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I was actually thinking of building one like the Loflin Fabrication one. Shipping to Alaska is kind of expensive, unless it is from the Seattle area. I have been looking on eBay and there is alot of attachments and equipment that I would buy if I could get it too Alaska inexpensively. The root grapple design looks like you could drive forward with the “teeth” about 6” under the soil until the grapple was full, then give it a quick shake to get any soil off of the roots. Also look heavy duty, I really like the pipe pieces between the teeth near the front of the teeth.
I was also thinking of building a snow blade out of a piece of 36” sch 40 pipe, with “wings” set at 30°. With 30° of angle on the blade, the leading “wing” would be straight ahead allowing you to clean real nicely along a building or sidewalk. I was planning on using the same hydraulic cylinders from the grapple for the anlgle cylinders for the snow blade. Just remove a couple of pins and hoses, then I would be able to utilize the cylinders year-around.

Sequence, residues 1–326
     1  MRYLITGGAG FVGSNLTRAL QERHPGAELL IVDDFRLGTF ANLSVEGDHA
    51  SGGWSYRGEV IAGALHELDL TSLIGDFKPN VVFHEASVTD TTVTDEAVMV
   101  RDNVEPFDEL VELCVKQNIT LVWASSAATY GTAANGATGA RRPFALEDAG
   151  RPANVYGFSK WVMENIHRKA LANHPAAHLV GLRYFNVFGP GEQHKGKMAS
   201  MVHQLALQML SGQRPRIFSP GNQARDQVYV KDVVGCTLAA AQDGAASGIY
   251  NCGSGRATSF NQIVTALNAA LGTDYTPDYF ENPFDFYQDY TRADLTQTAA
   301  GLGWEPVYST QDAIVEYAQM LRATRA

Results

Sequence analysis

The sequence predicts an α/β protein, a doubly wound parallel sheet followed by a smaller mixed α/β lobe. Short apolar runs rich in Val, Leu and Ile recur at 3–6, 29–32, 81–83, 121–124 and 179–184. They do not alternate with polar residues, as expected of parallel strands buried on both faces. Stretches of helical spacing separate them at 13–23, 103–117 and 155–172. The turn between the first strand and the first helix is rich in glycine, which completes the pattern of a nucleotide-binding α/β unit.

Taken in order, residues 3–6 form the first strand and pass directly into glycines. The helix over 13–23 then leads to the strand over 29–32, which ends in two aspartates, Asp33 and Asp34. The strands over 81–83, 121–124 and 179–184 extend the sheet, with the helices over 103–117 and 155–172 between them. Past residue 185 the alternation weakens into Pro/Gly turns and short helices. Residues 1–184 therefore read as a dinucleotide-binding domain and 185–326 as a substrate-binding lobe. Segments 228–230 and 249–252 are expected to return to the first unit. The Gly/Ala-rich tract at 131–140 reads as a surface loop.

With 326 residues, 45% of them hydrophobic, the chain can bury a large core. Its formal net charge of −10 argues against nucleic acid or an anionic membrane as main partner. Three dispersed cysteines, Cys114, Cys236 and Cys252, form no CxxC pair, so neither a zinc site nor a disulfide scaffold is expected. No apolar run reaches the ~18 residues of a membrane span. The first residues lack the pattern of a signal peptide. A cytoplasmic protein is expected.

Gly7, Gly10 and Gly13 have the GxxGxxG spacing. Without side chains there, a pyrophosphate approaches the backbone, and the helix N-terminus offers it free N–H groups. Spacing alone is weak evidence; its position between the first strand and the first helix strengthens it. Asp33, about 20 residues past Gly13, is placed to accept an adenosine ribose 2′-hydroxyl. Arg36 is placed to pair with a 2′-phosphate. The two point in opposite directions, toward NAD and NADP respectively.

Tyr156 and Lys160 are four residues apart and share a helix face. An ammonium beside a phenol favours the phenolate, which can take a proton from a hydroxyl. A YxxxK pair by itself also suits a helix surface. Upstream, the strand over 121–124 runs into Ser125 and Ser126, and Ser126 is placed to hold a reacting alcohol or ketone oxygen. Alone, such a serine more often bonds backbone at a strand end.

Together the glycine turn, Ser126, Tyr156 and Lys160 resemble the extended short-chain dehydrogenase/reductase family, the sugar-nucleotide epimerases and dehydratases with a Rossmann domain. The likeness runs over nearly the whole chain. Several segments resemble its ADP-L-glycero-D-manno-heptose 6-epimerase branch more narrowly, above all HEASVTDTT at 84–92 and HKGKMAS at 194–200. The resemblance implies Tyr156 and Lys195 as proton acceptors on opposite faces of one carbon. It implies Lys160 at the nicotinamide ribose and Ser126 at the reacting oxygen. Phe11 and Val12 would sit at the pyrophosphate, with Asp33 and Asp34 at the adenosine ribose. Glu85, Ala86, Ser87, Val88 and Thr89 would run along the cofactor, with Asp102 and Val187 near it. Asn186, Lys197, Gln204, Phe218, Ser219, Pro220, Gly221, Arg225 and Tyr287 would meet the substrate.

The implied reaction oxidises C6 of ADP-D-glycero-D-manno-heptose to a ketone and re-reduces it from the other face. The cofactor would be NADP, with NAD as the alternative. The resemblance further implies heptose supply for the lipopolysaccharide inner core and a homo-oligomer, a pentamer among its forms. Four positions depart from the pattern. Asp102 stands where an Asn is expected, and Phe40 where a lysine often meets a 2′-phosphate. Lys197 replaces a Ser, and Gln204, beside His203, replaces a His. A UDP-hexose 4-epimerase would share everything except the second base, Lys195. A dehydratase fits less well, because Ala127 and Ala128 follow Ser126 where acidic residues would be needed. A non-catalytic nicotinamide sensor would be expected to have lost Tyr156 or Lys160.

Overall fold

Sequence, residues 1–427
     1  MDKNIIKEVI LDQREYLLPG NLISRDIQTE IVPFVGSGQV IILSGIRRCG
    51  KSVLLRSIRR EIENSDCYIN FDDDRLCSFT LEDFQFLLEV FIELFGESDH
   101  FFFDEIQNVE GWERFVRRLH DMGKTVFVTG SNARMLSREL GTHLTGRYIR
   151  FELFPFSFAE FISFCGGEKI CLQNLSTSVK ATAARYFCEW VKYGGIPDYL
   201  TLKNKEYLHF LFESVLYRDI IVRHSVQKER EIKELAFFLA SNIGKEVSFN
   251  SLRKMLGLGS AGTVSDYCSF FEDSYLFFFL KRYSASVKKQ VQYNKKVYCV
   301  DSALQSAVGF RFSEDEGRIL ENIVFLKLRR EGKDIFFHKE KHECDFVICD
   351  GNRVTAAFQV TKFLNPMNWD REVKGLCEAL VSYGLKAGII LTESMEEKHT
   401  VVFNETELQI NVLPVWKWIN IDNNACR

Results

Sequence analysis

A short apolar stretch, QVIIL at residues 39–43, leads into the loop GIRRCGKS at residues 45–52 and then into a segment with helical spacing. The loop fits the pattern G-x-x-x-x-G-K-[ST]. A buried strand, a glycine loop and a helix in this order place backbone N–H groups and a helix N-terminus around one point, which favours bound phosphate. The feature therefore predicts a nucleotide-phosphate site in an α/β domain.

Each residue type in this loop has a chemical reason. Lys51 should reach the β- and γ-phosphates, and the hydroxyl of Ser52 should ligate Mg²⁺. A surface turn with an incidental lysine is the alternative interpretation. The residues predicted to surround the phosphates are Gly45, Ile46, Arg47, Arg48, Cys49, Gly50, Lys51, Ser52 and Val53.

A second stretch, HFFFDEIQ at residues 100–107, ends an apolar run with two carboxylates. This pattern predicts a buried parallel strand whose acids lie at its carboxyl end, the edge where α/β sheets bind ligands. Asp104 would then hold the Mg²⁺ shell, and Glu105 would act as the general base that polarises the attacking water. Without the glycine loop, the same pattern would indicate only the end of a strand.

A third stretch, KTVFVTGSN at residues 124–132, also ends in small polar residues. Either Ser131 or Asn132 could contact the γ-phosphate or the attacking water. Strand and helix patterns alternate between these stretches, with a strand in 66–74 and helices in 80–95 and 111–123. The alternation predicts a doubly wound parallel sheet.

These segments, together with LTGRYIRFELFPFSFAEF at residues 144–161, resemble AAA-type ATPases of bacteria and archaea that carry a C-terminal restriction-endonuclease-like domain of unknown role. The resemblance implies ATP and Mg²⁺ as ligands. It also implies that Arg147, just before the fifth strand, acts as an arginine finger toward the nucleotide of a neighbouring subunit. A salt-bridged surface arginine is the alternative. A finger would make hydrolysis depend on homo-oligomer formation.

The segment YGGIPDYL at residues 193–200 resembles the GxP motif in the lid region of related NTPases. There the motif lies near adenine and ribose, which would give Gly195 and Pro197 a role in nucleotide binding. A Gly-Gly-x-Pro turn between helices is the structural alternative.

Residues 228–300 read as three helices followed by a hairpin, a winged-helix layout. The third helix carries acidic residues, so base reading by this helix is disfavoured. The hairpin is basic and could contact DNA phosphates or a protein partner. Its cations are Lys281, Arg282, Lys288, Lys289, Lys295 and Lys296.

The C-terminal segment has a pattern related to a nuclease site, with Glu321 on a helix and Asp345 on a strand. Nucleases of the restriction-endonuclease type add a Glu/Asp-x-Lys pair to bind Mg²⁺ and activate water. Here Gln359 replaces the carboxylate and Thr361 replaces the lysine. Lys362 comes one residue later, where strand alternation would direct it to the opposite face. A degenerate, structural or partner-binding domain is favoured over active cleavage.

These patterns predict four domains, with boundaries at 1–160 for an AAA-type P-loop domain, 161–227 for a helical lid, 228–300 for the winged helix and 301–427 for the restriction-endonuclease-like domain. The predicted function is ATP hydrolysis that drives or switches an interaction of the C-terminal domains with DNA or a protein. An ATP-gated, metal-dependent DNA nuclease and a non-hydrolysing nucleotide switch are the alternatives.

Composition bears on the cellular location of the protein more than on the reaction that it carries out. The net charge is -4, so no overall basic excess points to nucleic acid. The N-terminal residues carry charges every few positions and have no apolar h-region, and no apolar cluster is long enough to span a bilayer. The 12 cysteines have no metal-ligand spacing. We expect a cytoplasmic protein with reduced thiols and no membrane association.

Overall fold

I used the teeth on my bucket as a poor man's root rake last year, but it just wasn't the same. Also, my bucket doesn't have the grapple to grab the roots.
I presently have an 84" combo. This allows grapple function but it is limited. It won't allow positive clamping force on uneven loads and if you torque the load(ie; Trees then skid steering left and right while holding load you bend the shit out of your bucket). It pulls the side out and deforms it. Looks like a good welding project to me. I have now have only one house to take down and its on the list of things to do. I plan on renting an industrial grapple and a fork graple to see the effectivness compared to the combo. Go figure, just one more attachment to buy. Do you get a group discount once you get past 5 attachements?
 

jbc

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Jun 27, 2004
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I have a root grapple that is similar to the one made by Loflin. I use it to clean up at construction sites. I just bought it about a week ago. It seems to work well for digging 2X4's and other debris out of the soil. I can dig the tines in a couple of inches and rip the wood and debris out of the ground. I usually get some soil too, but a quick shake usually removes most of it. It is built extremely heavy. I doubt I could bend it with my S185. It really makes short work of huge piles of leftover wood and garbage. Blake